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Disability, Culture, and DevelopmentA Case Study of Japanese Children at School$
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Misa Kayama and Wendy Haight

Print publication date: 2013

Print ISBN-13: 9780199970827

Published to Oxford Scholarship Online: April 2014

DOI: 10.1093/acprof:oso/9780199970827.001.0001

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The History and Policies of Japanese Special Education

The History and Policies of Japanese Special Education

Chapter:
(p.48) (p.49) 3 The History and Policies of Japanese Special Education
Source:
Disability, Culture, and Development
Author(s):

Misa Kayama

Wendy Haight

Publisher:
Oxford University Press
DOI:10.1093/acprof:oso/9780199970827.003.0003

This chapter describes Japanese educational policies and history related to special education and considers how the recent implementation of special education for children with “developmental disabilities” is situated within the broader historical and educational policy contexts of Japanese education. The special education reform made it possible for children with developmental disabilities to receive necessary support. Yet it also has created challenges for educators, including experienced teachers, who must integrate individualized services with traditional Japanese education within peer groups and minimize the risk of stigmatization to children with developmental disabilities. In particular, the chapter considers how the new category of “developmental disabilities” was culturally constructed. Why was the Japanese government, typically noted as progressive in its early and elementary school education policies, slow relative to other modern societies in implementing formal special education services for children with mild cognitive and behavioral disabilities?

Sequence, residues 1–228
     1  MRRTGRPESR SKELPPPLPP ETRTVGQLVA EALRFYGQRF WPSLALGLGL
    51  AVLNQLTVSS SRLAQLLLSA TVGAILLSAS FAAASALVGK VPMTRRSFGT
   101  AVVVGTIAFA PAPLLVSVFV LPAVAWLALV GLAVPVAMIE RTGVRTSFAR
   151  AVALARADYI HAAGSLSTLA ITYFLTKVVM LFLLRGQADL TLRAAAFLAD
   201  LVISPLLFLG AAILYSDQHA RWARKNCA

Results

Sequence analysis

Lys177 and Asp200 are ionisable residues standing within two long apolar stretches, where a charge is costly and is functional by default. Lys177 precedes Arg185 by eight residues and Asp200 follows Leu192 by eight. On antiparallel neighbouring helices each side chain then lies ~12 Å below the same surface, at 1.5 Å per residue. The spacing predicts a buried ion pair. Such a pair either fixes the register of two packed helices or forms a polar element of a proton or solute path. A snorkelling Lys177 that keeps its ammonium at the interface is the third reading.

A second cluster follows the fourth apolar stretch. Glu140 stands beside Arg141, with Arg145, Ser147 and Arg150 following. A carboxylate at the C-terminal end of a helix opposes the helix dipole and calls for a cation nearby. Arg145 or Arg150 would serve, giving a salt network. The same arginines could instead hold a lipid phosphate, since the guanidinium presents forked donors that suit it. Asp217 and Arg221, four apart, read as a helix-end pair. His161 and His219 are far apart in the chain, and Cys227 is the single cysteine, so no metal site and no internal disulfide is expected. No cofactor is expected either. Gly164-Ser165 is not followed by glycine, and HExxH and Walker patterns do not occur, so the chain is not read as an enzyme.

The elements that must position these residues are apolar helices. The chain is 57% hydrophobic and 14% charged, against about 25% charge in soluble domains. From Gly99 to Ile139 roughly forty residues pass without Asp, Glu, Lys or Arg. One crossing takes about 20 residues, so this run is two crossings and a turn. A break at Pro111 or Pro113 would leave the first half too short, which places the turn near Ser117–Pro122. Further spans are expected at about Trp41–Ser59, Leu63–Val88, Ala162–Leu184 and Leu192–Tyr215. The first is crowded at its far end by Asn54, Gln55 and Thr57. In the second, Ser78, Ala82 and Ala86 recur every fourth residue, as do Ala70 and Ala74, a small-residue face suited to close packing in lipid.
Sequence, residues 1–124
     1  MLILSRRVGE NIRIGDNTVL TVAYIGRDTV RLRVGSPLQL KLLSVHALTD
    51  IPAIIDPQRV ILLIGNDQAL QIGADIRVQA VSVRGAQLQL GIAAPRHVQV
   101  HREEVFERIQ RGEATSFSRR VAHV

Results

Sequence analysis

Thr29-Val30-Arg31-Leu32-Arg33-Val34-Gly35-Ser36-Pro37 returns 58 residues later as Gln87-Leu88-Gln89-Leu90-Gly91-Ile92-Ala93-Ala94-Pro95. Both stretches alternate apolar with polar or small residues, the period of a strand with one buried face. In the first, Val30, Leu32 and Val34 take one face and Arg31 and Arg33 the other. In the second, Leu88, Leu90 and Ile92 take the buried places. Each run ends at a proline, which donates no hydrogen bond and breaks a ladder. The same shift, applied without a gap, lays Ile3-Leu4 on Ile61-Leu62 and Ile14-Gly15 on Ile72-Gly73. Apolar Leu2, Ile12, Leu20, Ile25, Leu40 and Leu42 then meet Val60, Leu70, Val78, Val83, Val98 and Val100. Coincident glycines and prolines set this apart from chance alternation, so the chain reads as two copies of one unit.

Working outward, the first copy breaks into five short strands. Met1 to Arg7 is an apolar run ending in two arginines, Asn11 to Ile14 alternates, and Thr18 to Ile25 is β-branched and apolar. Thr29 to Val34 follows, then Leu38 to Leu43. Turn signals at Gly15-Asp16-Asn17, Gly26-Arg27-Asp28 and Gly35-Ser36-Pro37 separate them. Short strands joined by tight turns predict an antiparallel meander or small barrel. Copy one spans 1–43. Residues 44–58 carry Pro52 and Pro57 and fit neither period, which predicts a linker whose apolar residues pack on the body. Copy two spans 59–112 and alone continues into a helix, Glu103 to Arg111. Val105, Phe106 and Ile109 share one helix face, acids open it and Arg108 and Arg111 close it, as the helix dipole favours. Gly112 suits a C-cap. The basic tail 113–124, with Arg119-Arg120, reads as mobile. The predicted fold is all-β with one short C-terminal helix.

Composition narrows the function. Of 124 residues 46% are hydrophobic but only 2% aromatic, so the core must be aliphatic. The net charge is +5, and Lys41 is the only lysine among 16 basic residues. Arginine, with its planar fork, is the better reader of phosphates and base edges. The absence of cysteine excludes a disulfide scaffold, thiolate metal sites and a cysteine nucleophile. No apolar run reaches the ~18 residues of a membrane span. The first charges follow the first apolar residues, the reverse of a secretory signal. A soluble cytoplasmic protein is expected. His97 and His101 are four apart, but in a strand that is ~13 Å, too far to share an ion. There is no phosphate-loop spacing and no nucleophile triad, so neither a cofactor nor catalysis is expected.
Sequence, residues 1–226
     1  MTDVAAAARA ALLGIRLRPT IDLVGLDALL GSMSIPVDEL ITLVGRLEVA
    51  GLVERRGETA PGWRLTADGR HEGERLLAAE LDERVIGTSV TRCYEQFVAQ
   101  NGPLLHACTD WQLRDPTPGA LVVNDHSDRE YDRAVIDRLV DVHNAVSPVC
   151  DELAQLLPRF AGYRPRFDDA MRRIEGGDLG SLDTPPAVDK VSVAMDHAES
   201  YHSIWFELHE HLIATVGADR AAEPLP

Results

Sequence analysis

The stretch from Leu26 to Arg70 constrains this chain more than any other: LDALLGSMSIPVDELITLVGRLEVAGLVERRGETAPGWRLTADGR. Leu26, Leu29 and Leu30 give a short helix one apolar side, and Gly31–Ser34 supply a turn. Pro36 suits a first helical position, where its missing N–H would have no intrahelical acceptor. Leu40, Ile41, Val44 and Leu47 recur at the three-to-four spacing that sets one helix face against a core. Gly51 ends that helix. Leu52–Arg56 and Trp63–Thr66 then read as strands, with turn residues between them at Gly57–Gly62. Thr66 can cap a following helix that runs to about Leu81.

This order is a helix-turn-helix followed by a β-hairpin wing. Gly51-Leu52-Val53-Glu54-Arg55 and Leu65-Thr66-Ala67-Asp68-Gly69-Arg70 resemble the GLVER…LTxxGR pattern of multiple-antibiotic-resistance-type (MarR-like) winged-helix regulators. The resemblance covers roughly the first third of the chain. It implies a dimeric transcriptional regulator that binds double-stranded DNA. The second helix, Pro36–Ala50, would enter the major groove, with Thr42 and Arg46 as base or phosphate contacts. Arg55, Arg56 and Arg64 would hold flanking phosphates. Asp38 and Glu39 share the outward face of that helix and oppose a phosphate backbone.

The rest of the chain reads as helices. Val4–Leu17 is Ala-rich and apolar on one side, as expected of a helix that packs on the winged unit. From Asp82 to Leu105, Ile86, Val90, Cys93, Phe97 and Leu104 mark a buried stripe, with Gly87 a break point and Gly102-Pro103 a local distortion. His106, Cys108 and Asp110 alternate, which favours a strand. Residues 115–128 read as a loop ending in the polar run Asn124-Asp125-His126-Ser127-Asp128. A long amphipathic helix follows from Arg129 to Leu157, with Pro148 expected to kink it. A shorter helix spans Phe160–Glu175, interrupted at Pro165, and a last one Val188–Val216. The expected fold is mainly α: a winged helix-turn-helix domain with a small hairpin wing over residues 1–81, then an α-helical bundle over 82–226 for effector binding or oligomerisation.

Keywords:   Japan, historical context, cultural context, policy analysis, special education reform in Japan, Japanese education

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